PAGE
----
The problem of sexual harassment in the workplace continues to plague employers.
Just days ago, San Jose State University agreed to a $1.6 million settlement resulting from the actions of a former employee. This comes as a result of Texas’s new strengthened workplace sexual harassment law, which nearly doubles its statute of limitations. In the last four years, 15 states have passed new laws that crack down on lax employers.
These days, simply having an anti-sexual harassment policy isn’t enough to protect against litigation. A growing number of court cases reveals that, often, the outcome hinges on a single factor: whether or not the employer provided formal sexual harassment training before the event occurred.
Sexual Harassment Law in a Nutshell
The issue of sexual harassment in the workplace first surfaced in the late 1980s, when the Supreme Court interpreted Title VII of the Civil Rights Act of 1964 to recognize sexual harassment as a form of discrimination. The Civil Rights Act applies to employers with 15 or more employees.
Since then, many states have enacted more stringent legislation. Some mandate that all employers—regardless of size—maintain compliance. Some make it easier for employees to sue their employers. And some, like the new Texas law, extend liability to managers that “knew or should have known” there was a problem.
In addition, a handful of states (CA, CT, DE, IL, NJ, NY, ME, plus NYC) have mandated that employers conduct anti-sexual harassment training on a regular basis—say, annually or bi-annually. Many other states strongly encourage it, as does the EEOC.
What Recent Court Cases Reveal
When it comes to sexual harassment litigation, there is no shortage of cases to study. In the last two decades, U.S. employers—including 99% of Fortune 500 companies—have paid $124 billion in related settlements. In fiscal year 2020 alone, the EEOC collected $65 million in settlements, which does not include private lawsuits.
One overarching trend: in both state and federal courts, employers who conduct anti-sexual harassment training fair better than those who don’t, regardless of whether a training mandate exists. For example:
- In Gaines v. Bellino, the New Jersey Supreme Court held that, in order to determine if an employer is liable, it would examine factors including whether the employer had provided anti-harassment training, which it deemed “mandatory” for supervisors and managers. (This was years before the state enacted an employer training mandate.)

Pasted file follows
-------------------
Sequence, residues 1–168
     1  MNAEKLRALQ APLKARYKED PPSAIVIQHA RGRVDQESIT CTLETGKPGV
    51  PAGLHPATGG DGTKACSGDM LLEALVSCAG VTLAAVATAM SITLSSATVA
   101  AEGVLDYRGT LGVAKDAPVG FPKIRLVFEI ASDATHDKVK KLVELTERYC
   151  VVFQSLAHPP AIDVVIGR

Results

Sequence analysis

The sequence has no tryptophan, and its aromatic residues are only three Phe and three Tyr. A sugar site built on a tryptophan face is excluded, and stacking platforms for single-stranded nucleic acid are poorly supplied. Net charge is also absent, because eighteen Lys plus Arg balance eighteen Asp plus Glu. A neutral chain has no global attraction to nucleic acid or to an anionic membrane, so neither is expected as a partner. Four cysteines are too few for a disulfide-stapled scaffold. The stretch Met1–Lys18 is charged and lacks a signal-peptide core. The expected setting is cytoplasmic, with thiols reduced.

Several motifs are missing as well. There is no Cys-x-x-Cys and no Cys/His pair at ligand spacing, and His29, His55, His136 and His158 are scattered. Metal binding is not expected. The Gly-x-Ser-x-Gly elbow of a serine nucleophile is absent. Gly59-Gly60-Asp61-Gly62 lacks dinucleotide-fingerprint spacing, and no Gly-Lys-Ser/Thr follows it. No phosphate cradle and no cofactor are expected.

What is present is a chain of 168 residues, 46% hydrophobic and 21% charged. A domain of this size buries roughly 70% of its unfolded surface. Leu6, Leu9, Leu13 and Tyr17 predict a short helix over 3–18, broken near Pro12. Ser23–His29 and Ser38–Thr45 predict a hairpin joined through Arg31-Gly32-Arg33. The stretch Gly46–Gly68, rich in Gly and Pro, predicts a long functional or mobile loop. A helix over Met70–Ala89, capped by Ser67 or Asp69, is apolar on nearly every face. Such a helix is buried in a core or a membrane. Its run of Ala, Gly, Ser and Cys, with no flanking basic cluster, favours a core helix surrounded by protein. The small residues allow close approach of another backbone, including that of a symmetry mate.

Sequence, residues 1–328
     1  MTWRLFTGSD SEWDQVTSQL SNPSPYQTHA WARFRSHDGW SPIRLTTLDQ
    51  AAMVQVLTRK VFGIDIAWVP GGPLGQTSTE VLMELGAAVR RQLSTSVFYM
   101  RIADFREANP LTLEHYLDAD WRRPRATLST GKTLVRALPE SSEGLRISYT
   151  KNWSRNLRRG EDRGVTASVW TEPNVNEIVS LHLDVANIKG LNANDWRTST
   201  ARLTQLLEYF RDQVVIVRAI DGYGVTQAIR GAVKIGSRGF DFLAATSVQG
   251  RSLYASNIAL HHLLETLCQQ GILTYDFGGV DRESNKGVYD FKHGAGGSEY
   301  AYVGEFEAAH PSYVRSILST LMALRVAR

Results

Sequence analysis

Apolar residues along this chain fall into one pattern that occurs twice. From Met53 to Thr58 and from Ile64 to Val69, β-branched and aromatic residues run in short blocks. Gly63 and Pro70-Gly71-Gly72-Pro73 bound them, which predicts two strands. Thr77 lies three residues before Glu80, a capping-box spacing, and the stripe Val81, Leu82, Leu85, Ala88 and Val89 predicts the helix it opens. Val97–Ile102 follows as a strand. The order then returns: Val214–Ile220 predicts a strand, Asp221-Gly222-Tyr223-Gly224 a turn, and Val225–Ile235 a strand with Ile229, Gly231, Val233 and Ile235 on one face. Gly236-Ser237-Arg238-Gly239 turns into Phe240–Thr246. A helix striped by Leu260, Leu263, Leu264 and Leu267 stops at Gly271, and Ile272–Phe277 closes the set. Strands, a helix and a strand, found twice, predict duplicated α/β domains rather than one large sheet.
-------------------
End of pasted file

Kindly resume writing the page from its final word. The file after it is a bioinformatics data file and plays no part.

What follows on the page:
- In Kolstad v. American Dental Association, the U.S. Supreme Court held that employers could avoid punitive damages in harassment cases by proving their good faith prevention efforts. One prime way to show good faith: a history of workforce education.
- In Hanley v. Doctors Hospital of Shreveport, the Second Circuit Court of Appeal of Louisiana upheld a jury’s award of punitive damages—largely because the employer had not provided its staff with anti-sexual harassment training.
Similar rulings can be found again in again, across various courts and states nationwide, in cases ranging from Pullen v. Caddo Parish School Board to Marrero v. Goya of Puerto Rico, Inc. to Jones v. Dr. Pepper Snapple Group.
In other words, no sexual harassment prevention policy is complete without a thorough, rigorous employee training program—regardless of whether it’s required by law.
Creating an Effective Anti-Sexual Harassment Training Program
The beauty of a strong anti-sexual harassment training program is two-fold. First, in the event of a lawsuit, it may well be your best defense—proof that you’ve worked to build a healthy, respectful work environment.
Better yet, if your training program is effective, it will prevent harassment from occurring in the first place—or, at the least, allow you to shut down the offensive behavior quickly.
In order to build an effective training program:
1. Make it part of a comprehensive, written anti-sexual harassment policy.
2. Make attendance mandatory.
3. Create a training schedule and enforce it. (Some states require annual training and the training of new hires early on—an excellent gold standard.)
4. Frame training in terms of prevention and maintaining a great work environment.
5. Give employees a clear, straightforward process for reporting an incident.
6. Include bystander training—i.e., what to do if you see harassment occurring among coworkers.
7. Require all employees to sign and date a training completion form, and maintain documentation.
8. Offer managers additional, in-depth training, covering:
- Their obligations and personal liability
- How to handle employee complaints in real time
- A process for documenting employee complaints
- How and when to contact Human Resources
9. Use an online learning management system that offers vetted content and management controls—like EPAY Learning.
EPAY Learning makes it easy to create, administer and document your anti-sexual harassment training initiative. You’ll find best-in-class content, built-in exams and certifications, plus an analytics dashboard and reporting tools for tracking your progress and compliance. It’s powered by Cornerstone and offered in conjunction with our HCM platform. Want to build a rock-solid anti-sexual harassment training program? Learn more.